Count me among those that just doesn’t understand — at this very premature point — what all the mess about the U.S. Attorney firings is. Listening to Sen. Leahy on NPR this evening brought me to the same question that the reporter finally posed him: if you admit it’s the administration’s preogative to hire and fire U.S. Attorneys, then why the hubbub? Well, there of course is a potential problem, but the news that’s all over the ‘net, print, and airwaves at this point doesn’t facially evidence any actual wrongdoing. Professor Stephen Bainbridge of UCLA has a reasoned approach to the deafening roar (without bite so far):
Contra what some in the blogosphere seem to believe, US Attorney’s serve at the pleasure of the President and may be terminated either with our without cause at any time. In contrast, investigations and prosecutions aimed at furthering a prosecutor’s own career or those that are aimed at individuals or entities because of their political status are improper. Robert H. Jackson warned about the dangers that political considerations posed to the reputation of federal prosecutors as “dispassionate, reasonable and just.” Accordingly, both the ABA’s Standards Relating to the Administration of Criminal Justice and the Department of Justice’s United States Attorneys’ Manual declare that political considerations are inappropriate factors in a decision to investigate and charge a specific person. If the US Attorneys in question were fired because they refused to bring voter fraud cases against Democrats or because they tried to bring voter fraud cases against Republicans, for example, we have a serious problem.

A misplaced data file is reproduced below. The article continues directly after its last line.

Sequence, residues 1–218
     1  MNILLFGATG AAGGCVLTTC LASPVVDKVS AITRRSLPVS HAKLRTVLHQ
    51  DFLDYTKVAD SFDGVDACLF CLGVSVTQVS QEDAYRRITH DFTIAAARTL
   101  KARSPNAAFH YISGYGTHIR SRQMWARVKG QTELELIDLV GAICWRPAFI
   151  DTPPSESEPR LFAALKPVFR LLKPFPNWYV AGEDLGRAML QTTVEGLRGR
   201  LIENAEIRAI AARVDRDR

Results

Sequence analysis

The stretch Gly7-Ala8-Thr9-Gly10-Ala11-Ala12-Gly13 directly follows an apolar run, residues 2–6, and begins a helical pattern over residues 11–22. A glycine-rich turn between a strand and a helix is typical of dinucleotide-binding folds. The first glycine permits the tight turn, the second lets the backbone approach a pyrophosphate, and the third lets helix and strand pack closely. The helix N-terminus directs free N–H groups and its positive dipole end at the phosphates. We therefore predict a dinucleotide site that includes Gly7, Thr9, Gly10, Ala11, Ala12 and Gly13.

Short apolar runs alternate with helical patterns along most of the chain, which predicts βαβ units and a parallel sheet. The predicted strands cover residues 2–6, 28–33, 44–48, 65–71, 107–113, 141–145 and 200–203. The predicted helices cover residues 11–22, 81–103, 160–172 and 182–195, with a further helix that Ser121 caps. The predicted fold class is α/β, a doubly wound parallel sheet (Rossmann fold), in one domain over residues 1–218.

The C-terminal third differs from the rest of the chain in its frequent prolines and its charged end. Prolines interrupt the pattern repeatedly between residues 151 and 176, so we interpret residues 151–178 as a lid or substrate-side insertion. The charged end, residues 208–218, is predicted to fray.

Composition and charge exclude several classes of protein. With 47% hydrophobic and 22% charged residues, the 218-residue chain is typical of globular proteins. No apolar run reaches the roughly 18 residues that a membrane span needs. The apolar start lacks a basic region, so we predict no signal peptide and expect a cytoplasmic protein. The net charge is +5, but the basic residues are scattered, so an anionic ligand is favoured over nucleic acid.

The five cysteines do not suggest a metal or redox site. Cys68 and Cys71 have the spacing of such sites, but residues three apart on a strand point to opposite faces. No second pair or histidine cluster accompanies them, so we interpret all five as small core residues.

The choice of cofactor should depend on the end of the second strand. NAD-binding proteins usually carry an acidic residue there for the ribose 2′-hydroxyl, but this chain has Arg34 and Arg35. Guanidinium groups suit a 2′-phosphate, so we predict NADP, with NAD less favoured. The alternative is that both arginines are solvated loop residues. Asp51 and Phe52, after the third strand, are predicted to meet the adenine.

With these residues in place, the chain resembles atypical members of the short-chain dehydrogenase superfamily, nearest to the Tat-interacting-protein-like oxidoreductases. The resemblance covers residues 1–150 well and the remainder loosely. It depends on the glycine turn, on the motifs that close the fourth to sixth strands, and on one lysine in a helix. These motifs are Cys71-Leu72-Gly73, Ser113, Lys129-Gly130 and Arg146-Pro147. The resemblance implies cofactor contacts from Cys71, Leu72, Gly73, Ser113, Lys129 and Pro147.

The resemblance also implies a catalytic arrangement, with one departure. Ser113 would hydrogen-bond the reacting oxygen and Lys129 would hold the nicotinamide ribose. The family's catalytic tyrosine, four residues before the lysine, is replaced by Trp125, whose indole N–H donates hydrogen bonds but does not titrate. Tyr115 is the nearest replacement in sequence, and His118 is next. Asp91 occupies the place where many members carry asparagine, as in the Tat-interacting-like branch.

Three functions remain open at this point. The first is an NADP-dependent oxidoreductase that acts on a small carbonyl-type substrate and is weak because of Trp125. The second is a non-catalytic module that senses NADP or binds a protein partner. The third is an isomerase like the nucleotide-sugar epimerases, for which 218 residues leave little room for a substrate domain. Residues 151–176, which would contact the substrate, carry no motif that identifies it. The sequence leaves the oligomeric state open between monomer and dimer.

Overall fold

Note the italics–there could be a problem, but despite all the talk, there’s just nothing there yet. It’s merely politics (so far).